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I was going through some of my hives today and something kinda struck me.
Some of my hives seem to have bees that don't put things where they should!
If you think of what we would consider what a brood chamber should look like, with frames in certain sequential order, some of these were anything but!
Frames with pollen on one side and nectar on the other but not where I would figure they should be. Some frames I wanted to turn around so there was more open comb for the queen to lay in, etc. etc.
It was hard to fight the temptation to configure the frames the way I thought they should be.
Any of you find the same sort of thing?
Do you leave everything alone no matter what you find or do you actively manage your hives (ie: switching frames and altering brood nests)?
 

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sometimes I will open up a brood nest, just make sure there are PLENTY of bees in the hive to cover all of the brood frames.
 

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We do have a couple of hives that do that. I only rearrange them if it seems to hinder the function of the hive. I've noticed that sometimes they put a frame of pollen or honey in the middle of the brood chamber, usually in the spring and fall, to make work a little easier on the nurse bees. Then sometimes they will have a hive FULL of bees with only 2 frames of brood because they "blocked" the queen in between 2 food frames and she won't lay outside of them. That's when I'll move them.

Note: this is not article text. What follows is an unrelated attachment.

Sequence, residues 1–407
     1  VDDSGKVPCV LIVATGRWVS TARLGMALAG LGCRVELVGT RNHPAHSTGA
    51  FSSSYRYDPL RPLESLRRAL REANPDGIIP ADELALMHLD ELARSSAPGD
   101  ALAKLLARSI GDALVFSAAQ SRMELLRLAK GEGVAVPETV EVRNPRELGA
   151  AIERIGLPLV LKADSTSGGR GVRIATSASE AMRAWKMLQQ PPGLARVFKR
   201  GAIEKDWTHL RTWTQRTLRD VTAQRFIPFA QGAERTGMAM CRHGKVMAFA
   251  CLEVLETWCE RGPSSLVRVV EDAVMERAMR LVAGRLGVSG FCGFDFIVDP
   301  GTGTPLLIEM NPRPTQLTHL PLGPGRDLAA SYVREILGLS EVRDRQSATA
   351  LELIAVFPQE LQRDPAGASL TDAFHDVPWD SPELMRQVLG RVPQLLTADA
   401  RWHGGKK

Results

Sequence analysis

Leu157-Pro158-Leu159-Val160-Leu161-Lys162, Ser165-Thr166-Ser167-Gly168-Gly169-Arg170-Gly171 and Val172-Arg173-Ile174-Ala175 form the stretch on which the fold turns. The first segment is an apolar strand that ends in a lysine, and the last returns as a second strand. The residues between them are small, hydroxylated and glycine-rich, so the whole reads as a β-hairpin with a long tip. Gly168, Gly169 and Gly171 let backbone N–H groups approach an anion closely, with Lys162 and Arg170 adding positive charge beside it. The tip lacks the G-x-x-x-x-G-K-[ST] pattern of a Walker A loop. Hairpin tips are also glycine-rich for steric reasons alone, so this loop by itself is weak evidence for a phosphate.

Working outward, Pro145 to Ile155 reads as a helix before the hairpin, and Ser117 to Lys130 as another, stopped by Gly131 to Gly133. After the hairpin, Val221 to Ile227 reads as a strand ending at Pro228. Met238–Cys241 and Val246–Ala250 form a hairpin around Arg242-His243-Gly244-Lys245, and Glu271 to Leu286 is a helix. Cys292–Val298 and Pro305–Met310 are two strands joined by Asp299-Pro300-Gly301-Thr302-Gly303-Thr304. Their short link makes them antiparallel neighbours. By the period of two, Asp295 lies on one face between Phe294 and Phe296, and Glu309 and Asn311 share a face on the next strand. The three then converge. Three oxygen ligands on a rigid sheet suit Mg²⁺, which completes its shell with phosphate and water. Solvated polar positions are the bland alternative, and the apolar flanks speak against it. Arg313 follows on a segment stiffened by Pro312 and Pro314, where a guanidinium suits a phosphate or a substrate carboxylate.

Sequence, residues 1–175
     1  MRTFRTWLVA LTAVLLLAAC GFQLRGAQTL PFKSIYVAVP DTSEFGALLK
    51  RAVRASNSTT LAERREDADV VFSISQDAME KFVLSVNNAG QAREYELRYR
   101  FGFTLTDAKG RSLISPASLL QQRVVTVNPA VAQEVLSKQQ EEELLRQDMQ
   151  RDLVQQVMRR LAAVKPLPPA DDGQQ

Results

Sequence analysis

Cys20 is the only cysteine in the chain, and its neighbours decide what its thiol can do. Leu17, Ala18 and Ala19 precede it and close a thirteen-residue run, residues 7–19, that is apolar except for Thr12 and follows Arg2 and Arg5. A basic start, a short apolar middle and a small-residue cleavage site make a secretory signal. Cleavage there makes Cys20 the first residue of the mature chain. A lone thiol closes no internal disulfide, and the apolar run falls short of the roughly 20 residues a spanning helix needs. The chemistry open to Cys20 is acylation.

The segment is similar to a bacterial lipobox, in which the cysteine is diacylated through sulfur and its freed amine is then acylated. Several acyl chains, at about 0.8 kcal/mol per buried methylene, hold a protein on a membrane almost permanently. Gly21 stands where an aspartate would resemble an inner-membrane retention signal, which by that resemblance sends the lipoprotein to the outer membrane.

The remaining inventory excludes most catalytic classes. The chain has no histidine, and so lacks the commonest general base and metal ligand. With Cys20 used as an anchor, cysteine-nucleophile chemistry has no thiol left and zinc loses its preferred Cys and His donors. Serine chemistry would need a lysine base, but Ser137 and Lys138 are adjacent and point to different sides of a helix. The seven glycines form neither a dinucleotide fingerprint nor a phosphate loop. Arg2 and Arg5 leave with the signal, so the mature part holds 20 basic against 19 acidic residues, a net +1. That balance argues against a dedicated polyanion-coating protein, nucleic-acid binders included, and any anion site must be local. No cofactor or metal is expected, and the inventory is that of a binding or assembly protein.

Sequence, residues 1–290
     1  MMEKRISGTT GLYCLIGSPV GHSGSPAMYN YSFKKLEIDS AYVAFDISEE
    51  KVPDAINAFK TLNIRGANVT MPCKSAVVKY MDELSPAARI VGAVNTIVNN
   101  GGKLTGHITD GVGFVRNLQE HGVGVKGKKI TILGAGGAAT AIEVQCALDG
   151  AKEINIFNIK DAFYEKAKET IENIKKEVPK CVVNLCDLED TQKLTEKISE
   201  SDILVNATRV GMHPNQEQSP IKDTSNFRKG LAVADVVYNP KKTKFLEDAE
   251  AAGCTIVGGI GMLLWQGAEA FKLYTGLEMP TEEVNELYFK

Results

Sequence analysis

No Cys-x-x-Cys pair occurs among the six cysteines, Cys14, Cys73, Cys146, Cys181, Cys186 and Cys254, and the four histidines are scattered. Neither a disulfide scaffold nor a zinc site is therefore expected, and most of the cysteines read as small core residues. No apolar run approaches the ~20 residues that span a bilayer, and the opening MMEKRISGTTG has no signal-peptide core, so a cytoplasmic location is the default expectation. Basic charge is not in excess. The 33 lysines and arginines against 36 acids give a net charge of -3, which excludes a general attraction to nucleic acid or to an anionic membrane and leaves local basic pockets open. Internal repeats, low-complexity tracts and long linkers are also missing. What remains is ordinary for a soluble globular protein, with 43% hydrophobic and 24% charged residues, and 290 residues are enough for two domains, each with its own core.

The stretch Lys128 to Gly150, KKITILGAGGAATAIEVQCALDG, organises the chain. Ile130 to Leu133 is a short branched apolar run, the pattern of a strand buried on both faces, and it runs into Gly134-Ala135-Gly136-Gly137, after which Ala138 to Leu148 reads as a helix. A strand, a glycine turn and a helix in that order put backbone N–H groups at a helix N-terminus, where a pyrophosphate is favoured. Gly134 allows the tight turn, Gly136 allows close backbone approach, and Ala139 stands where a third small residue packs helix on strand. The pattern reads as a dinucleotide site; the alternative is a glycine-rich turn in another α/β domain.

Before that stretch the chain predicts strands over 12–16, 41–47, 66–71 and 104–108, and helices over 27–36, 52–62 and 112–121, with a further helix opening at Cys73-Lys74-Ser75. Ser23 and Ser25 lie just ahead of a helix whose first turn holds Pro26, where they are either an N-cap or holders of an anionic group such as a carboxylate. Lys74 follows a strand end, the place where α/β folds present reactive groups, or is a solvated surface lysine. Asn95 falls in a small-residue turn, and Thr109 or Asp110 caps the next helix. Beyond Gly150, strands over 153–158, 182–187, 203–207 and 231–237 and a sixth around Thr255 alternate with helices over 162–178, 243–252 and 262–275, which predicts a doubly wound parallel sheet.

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""Then sometimes they will have a hive FULL of bees with only 2 frames of brood because they "blocked" the queen in between 2 food frames and she won't lay outside of them. That's when I'll move them.""

Ditto... The queen sees a frame of pollen as a wall and will not cross it. I move all non-brood frames to the outside.
 

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what Iddee and Wally Baby Beek said...

I would also suggest:
1) failure to 'open up the brood nest' by removing impediments to the brood nest expansion horizontally also highly encourages a brood nest to 'funnel' up thru the middle of the stack of boxes. often time I have noticed the outside frame(s) as being totally unused and brood frames that go right up to the hive cover.

2) a hive left in this manner will by mid to late summer almost certainly be a casualty of wax moth and small hive beetles once the brood nest moves upward.
 

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There is a bunch of invaluable information in this thread! Thanks, all you knowledgeable beeks, for sharing your knowledge with us underlings!
 
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